TOKYO — Annual births in Japan are on track to drop below 1 million for the first time on record this year, casting into sharp relief an increasingly serious problem exacerbated by demographic and economic factors.
Health, Labor and Welfare Ministry survey results to be released soon are expected to peg total births at between 980,000 and 990,000, down from just over 1 million last year and the lowest-ever figure in data going back to 1899. Published data shows 990,000 births in the 12 months through July — less than 40% of the record set in 1949 during Japan’s postwar baby boom.
Much of the decline owes to a drop in the number of women in their 20s and 30s, who numbered about 13.66 million in October, down 20% from a decade earlier.
The total fertility rate, or the average number of children born to a woman who lives through her childbearing years if current trends continue, rose 0.03 point to 1.45 in 2015 thanks to such factors as an economic upturn. Though this represents an improvement over 2005’s record low of 1.26, it remains too low to compensate for the dwindling number of women. A rate of 2.07 is needed to maintain Japan’s population at current levels.
Marriages fell 0.7% on the year to 368,220 for the January-July period. The average age at first marriage has been trending higher, reaching 31.1 for men and 29.4 for women in 2015. Later marriages tend to mean later first births as well as fewer households with two or more children.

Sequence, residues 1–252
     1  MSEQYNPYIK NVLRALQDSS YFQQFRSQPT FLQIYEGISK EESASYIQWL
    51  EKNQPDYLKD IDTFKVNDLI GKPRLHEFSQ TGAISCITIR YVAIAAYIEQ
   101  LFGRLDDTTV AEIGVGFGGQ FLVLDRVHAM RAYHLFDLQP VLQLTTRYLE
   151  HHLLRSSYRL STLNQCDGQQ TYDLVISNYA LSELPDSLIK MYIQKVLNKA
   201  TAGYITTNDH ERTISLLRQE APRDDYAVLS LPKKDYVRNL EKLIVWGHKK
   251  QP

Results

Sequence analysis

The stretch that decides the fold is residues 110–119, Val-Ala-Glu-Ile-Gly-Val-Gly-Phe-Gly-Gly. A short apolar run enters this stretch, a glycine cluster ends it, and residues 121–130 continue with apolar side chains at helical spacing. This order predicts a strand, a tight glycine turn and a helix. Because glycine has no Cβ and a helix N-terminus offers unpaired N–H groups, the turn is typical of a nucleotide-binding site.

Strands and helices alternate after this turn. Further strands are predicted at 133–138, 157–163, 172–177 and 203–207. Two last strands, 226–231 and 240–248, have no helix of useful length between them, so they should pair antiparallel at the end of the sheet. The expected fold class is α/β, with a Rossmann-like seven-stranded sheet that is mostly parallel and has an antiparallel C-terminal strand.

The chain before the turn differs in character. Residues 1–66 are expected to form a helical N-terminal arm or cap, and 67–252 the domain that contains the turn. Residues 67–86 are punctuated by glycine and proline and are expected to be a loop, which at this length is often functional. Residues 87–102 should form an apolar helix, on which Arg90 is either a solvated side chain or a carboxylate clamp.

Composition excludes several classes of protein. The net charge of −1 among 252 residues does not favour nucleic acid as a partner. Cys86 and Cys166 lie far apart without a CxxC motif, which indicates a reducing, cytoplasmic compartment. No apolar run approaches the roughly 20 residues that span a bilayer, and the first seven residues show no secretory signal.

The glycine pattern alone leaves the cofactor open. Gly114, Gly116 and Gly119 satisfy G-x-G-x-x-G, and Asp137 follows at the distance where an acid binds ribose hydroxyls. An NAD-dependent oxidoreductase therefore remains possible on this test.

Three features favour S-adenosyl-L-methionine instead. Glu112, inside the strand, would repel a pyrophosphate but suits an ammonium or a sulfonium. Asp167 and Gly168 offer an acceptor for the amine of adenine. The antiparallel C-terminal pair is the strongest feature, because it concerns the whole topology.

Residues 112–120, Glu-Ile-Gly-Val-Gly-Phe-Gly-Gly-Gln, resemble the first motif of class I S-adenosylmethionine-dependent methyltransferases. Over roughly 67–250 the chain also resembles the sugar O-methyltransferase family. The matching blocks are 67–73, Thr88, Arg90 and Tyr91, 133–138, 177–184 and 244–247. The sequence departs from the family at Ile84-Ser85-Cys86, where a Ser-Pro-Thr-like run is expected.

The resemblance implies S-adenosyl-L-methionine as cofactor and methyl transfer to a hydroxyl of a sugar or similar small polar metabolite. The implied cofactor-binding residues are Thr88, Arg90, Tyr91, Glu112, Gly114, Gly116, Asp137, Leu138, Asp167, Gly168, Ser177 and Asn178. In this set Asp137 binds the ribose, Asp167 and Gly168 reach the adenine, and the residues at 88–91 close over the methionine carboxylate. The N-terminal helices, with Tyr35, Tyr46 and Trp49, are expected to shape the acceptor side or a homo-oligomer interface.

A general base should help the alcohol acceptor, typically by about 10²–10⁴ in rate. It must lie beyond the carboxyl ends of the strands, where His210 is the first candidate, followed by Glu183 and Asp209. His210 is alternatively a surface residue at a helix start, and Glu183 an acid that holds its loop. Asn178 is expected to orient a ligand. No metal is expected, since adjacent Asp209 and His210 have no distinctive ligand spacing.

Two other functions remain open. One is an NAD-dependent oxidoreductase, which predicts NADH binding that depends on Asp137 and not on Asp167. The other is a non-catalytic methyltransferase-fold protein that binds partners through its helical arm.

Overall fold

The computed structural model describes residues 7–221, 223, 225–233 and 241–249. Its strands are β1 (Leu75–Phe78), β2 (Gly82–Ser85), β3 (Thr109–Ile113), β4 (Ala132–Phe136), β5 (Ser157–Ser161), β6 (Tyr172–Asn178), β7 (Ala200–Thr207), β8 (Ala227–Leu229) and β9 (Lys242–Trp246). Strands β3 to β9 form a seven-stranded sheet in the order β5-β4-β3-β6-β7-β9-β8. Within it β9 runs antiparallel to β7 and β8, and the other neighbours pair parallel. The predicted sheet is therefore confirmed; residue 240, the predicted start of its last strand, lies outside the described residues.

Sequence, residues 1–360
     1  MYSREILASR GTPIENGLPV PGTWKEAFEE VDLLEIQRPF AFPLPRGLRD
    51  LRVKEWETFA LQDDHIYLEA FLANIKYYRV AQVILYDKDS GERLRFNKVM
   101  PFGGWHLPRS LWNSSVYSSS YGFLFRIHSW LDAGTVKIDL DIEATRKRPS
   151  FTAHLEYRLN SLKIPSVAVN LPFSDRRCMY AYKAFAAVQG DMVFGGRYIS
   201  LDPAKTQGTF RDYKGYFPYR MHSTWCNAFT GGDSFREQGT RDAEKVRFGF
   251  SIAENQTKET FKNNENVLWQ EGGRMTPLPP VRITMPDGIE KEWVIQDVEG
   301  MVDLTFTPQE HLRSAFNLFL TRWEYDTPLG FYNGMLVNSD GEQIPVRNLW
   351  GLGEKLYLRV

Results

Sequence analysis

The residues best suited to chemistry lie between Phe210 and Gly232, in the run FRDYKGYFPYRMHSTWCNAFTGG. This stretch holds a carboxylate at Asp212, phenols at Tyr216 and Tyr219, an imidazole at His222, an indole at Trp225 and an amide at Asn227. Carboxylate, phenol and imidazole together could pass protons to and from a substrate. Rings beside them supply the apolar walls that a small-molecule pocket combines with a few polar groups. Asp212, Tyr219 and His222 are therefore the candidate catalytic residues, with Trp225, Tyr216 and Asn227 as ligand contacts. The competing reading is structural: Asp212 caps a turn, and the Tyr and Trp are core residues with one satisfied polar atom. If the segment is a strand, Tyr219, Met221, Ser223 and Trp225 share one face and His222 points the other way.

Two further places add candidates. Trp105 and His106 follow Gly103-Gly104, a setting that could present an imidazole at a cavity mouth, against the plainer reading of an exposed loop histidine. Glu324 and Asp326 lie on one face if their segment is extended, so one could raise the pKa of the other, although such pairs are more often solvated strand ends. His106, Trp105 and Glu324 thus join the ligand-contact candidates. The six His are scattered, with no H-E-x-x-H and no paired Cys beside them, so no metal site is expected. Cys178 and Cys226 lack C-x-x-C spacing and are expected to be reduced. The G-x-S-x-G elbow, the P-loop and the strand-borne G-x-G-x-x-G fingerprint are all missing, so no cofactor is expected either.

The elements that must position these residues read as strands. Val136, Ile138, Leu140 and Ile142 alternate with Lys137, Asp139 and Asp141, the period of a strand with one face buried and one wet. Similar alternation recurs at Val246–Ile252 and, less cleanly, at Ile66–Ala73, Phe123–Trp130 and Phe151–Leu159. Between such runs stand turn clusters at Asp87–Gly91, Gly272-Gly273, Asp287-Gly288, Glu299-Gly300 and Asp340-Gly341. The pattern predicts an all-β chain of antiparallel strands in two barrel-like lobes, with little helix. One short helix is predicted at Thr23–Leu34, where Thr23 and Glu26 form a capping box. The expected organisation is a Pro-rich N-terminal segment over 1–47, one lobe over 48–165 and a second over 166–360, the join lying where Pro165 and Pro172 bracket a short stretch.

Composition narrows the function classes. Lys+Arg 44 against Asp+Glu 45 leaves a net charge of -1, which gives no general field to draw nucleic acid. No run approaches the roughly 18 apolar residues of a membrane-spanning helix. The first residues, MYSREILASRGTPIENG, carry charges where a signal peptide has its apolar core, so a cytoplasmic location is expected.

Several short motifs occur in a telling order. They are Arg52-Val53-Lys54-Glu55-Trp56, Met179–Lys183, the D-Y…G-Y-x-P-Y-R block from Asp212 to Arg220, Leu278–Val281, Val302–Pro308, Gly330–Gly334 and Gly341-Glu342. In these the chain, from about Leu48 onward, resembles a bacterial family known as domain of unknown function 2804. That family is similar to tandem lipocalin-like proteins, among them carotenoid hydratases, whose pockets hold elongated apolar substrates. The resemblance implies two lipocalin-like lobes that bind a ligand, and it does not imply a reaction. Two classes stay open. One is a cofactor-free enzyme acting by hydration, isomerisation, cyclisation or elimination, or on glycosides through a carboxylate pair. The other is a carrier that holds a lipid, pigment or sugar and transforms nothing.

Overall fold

The aging of the second baby boom generation — those born between 1971 and 1974 — is another factor. Part of this cohort has turned 45, an age at which the number of births takes a sharp downward turn.
Japan’s population is also set for a 10th straight year of natural decline this year, with deaths likely to outnumber births. The drop could reach a postwar high of 300,000.
About 16.87 million babies were born in China and about 3.98 million in the U.S. in 2014, United Nations data shows. Even France, whose population is about half Japan’s, reported an estimated 760,000 births last year.
The Japanese government is making an effort to support families raising children. But many households that want to have children are unable to for economic reasons. Countries such as France offer generous support to parents. Reworking a social insurance system now tilted toward seniors’ needs, such as medical and nursing care, will be vital to maintaining a stable population balance for economic growth.